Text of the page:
Martyr, madman, murderer, hero: John Brown remains one of history's most controversial and misunderstood figures. In the 1850s, he and his ragtag guerrilla group embarked on a righteous crusade against slavery that was based on religious faith -- yet carried out with shocking violence. His execution at Harpers Ferry sparked a chain of events that led to the Civil War. Horton talks about Slavery - founding fathers, principle of human freedom, Brown - revolutionary, expanding principles, Abolitionists - had day jobs, underground RR dangerous, Underground RR - symbolic importance of whites (long), Underground RR - symbolic importance of whites (short), Brown - fight against slavery all consuming, driving force, Sanity - Nat Turner, rational to encourage rebellion, Sanity - imagine Nat Turner well armed, not crazy, Turner - uprising struck fear, spiritual visions, Religion - spiritual visions ordinary for 19th century, Douglass/Brown - intellect/emotion, impressed each other, Douglass/Brown - impressed each other, letter, Douglass - refined, powerful, would inspire raiders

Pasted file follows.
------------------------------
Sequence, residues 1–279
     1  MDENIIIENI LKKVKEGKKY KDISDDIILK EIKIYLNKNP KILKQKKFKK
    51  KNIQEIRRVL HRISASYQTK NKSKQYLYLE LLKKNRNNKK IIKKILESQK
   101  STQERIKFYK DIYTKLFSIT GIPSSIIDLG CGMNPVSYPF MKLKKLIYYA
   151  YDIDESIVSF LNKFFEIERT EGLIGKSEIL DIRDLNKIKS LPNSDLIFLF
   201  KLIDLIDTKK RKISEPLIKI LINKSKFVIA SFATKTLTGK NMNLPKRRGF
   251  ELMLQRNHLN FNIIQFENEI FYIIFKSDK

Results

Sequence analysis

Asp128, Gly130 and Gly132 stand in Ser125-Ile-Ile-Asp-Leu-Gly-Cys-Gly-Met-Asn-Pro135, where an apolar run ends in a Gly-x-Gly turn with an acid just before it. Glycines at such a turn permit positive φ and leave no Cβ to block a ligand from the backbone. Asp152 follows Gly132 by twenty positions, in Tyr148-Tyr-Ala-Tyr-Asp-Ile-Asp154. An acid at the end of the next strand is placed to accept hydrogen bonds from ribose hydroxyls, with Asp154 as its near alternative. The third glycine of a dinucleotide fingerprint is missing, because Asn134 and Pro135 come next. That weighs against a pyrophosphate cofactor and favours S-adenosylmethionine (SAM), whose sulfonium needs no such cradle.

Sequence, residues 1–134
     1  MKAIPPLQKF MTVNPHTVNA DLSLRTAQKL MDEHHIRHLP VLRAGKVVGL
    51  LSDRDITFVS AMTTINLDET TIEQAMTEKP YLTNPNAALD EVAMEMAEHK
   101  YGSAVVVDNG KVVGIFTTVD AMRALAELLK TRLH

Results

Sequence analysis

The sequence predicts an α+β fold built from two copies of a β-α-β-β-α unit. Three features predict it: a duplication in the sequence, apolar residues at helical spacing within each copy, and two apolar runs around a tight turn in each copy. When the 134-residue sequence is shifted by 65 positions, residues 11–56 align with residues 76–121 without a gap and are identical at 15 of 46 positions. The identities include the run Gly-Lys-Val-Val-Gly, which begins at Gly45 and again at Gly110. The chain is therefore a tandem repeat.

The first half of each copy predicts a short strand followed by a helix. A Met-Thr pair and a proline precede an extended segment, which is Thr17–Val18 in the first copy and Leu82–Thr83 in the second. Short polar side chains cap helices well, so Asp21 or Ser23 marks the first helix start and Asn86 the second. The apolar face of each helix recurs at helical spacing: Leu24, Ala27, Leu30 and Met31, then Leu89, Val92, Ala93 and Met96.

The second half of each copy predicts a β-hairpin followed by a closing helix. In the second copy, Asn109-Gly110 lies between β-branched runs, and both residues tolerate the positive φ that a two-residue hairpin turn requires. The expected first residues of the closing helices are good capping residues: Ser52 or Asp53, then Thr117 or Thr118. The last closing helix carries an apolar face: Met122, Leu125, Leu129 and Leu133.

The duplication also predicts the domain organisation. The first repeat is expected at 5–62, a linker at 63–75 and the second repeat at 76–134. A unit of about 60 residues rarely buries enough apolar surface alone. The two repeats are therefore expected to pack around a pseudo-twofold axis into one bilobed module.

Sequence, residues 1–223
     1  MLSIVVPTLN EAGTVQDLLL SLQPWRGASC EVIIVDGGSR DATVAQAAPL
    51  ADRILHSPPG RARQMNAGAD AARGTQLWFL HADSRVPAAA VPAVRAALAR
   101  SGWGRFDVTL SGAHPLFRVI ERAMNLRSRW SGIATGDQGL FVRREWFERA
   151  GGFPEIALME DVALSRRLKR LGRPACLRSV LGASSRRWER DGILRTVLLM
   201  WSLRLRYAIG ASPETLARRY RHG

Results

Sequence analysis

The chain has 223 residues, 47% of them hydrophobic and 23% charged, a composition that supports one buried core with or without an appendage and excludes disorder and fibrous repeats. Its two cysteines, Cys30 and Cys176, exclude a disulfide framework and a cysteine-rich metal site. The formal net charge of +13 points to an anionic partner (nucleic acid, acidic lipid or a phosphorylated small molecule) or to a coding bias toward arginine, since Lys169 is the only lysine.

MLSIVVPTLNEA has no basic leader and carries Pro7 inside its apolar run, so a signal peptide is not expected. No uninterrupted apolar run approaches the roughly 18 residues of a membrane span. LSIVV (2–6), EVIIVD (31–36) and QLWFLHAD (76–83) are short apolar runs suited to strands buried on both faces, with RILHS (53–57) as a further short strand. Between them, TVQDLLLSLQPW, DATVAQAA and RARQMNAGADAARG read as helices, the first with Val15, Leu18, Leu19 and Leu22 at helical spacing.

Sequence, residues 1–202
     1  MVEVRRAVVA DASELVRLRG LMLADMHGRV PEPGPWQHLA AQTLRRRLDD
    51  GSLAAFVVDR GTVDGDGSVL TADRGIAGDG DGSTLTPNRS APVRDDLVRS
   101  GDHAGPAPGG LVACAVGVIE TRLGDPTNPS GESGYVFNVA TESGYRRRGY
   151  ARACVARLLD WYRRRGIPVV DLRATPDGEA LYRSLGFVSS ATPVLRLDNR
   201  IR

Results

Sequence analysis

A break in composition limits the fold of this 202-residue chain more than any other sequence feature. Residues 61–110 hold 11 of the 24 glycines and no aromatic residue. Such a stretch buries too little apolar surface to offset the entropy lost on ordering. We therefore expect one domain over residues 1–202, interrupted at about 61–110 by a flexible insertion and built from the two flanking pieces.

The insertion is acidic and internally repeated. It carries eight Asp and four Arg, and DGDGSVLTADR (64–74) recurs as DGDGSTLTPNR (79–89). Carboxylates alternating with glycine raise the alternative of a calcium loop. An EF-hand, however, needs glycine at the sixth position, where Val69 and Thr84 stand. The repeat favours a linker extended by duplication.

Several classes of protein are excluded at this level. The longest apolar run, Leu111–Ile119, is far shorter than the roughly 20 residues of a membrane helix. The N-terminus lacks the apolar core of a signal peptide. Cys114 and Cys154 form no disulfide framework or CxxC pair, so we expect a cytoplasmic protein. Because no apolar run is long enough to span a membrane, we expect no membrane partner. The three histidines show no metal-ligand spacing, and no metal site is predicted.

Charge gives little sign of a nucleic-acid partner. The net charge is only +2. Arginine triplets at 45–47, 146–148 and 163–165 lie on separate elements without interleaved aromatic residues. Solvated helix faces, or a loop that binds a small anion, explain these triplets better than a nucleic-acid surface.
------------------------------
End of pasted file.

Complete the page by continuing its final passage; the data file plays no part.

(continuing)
Africans in America( Visual )

1 edition published in 1998 in English and held by 79 WorldCat member libraries worldwide

James Horton is interviewed about life in 1830 in Washington DC, the vulnerability of free blacks, Solomon Northup, petitions against slavery, the Amistad case, harassment of abolitionists, rise of free black communities, Fugitive Slave Act of 1850, Anthony Burns, how slavery has shaped American culture, Bleeding Kansas, John Brown, Dangerfield Newby, Harpers Ferry, abolitionist movement becomes violent, slavery as an embarrassment in front of the world, 18th century African Burial Ground in New York City, resistance to maintain human dignity
American experience( Visual )

1 edition published in 2017 in English and held by 79 WorldCat member libraries worldwide